It was 100 years ago today that Harry Houdini first walked through a brick wall at Hammerstein's Roof Garden and Victoria Theatre in New York. Even though he only performed the illusion for a short time, it has become part of his legend, and he is still known as "the man who walked through walls" today. So on this anniversary, here's a look back at this spectacular magic effect.
When Houdini returned from Europe in late June 1914 to fulfill his regular July booking at Hammerstein's Roof Garden and Victoria Theatre in New York, he intended to make a splash. He promoted his appearance with a spectacular Overboard Box escape off Battery Park, and during his first week (July 6) he presented his Chinese Water Torture Cell, which was still relatively new to American audiences. But Hammerstein's required a performer change their act each week, so during his second week, Houdini revealed a dramatic new magic effect: Walking Through A Brick Wall.
What the Hammerstein's audience saw on that hot July day was a brick wall, 9 feet tall and 10 feet wide, rolled out and placed atop a carpet and a sheet of muslin laid out on the stage floor to insure no trap doors were used. Audience members were invited onstage to examine both the wall and stage coverings, some were even given hammers to test the wall's veracity. The audience members then surrounded the wall so that it was visible from all sides at all times. Houdini, dressed in a long white duster, took his place at one side of the wall "like a prisoner awaiting execution." A screen was placed over the magician and another screen was placed on the opposite side of the wall. Houdini waved his hands above the screen and said, "Here I am." Then his hands vanished and almost instantly reappeared from the screen on the other side. Both screens were pulled away to reveal that Houdini had seemingly walked through the wall.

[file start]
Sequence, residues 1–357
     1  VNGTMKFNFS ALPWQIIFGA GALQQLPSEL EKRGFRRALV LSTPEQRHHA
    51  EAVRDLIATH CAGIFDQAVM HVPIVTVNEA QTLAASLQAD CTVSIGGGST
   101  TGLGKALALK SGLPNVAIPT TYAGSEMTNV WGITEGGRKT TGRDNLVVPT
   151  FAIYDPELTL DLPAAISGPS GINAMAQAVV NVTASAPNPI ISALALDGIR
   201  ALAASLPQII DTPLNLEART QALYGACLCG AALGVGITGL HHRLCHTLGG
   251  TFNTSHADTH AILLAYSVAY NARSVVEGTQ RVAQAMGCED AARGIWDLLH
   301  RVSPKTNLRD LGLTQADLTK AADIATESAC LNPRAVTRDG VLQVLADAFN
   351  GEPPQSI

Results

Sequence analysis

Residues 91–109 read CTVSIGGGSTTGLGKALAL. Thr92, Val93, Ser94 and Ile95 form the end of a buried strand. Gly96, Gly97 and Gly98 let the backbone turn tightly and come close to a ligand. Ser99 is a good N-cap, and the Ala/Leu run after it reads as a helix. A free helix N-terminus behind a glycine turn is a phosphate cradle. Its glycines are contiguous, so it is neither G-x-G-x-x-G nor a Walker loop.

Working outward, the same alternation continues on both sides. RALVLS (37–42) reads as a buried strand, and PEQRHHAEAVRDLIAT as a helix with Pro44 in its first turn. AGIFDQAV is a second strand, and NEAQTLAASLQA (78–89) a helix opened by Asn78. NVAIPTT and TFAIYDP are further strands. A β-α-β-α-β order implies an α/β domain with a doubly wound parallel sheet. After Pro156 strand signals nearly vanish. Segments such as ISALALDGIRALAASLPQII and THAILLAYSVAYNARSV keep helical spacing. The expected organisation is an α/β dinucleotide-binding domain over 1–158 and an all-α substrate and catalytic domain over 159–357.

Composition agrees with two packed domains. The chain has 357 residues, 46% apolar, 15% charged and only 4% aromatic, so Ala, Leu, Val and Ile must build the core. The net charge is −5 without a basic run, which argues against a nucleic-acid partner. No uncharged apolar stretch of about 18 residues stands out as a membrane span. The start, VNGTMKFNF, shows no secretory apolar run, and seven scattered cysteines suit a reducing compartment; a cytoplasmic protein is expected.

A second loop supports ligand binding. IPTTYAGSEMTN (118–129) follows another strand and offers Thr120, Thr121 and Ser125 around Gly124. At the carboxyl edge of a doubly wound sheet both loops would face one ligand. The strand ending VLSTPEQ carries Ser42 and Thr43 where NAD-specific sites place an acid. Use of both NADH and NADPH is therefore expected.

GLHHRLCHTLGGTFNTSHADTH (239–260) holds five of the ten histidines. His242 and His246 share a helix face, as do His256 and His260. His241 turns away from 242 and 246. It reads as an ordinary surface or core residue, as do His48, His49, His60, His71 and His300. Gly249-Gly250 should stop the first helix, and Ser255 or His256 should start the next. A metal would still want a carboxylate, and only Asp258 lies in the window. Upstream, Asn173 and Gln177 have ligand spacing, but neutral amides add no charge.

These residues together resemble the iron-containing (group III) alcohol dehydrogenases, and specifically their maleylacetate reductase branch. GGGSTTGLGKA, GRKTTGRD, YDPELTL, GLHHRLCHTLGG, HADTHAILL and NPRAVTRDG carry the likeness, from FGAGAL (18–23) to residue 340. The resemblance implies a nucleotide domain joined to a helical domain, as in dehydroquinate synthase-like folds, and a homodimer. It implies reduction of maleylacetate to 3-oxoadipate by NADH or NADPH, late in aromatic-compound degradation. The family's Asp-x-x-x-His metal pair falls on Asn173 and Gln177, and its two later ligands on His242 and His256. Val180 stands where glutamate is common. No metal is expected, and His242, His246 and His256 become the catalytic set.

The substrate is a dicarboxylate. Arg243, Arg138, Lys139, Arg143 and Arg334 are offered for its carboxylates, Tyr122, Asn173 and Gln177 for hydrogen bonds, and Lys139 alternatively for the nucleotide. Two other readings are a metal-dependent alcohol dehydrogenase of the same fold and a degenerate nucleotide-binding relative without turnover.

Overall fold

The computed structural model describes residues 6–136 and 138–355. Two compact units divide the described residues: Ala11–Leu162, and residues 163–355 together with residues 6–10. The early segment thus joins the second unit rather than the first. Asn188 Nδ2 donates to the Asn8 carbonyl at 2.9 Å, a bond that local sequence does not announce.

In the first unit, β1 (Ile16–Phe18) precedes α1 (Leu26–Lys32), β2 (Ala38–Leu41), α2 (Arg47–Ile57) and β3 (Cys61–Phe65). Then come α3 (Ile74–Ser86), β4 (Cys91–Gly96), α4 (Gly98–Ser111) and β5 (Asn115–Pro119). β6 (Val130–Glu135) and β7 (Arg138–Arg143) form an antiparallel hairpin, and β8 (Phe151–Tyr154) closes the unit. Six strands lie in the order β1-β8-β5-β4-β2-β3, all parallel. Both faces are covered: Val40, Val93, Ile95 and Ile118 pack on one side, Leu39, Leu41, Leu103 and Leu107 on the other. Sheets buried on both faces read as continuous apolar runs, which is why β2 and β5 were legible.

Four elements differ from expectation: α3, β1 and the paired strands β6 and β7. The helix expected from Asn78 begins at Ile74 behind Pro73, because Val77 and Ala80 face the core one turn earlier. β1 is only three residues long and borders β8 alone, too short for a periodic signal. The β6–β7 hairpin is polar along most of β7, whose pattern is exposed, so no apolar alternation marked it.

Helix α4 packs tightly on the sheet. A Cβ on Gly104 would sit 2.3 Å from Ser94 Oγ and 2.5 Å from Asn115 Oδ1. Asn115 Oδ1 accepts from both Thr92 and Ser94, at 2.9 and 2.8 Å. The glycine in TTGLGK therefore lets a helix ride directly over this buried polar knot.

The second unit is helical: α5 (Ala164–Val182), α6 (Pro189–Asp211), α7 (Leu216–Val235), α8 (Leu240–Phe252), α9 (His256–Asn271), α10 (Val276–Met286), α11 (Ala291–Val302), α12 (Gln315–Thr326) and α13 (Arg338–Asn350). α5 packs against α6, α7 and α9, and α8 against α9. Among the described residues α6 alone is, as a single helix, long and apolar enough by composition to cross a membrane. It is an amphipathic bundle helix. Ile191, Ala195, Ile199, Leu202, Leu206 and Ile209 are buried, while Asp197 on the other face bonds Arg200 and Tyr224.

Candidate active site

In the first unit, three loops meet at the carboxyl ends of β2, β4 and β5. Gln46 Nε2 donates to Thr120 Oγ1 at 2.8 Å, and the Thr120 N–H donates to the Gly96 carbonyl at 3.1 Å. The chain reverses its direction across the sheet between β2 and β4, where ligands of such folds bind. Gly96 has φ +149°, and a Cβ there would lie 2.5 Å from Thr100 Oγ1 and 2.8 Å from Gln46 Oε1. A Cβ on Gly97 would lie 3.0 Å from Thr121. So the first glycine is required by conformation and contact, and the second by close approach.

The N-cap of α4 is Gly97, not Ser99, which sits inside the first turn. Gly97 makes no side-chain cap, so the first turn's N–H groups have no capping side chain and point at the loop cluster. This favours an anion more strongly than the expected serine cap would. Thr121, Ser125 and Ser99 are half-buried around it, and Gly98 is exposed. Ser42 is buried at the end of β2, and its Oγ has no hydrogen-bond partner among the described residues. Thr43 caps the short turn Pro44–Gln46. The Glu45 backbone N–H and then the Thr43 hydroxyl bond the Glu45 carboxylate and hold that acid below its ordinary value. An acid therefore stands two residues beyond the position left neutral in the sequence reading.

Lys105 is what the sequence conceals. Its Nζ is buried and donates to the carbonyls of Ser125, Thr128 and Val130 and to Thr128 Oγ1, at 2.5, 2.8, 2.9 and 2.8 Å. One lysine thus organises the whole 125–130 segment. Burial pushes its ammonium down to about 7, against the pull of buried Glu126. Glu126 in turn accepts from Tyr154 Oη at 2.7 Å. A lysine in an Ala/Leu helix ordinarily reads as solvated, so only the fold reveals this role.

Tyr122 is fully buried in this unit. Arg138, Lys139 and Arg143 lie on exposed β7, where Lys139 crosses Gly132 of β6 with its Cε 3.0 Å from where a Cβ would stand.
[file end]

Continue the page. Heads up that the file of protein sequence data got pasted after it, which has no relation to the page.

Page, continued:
Billboard reported that, "The audience sat spellbound for fully two minutes after this feat was accomplished. They were too dumbfounded to applaud."
It was a good effect, but unlike the Milk Can and Water Torture Cell, it was not an original Houdini creation. During a magic spending spree in England (where he had tried out his first all-magic show, the Grand Magical Revue), Houdini purchased the secret for £3 from magician Sidney Josolyne, whose original plans called for a wall of steel. Controversy would later erupt over whether the secret was Josolyne's to sell. Magician P.T. Selbit claimed to have invented it and accused Joselyne and Houdini of theft. Alexander also claimed to have performed a similar effect in the 1890s using blocks of ice. But the controversy remained largely on the other side of the Atlantic, and it was an inspired touch by Houdini to change Josolyne's steel wall into one made of brick.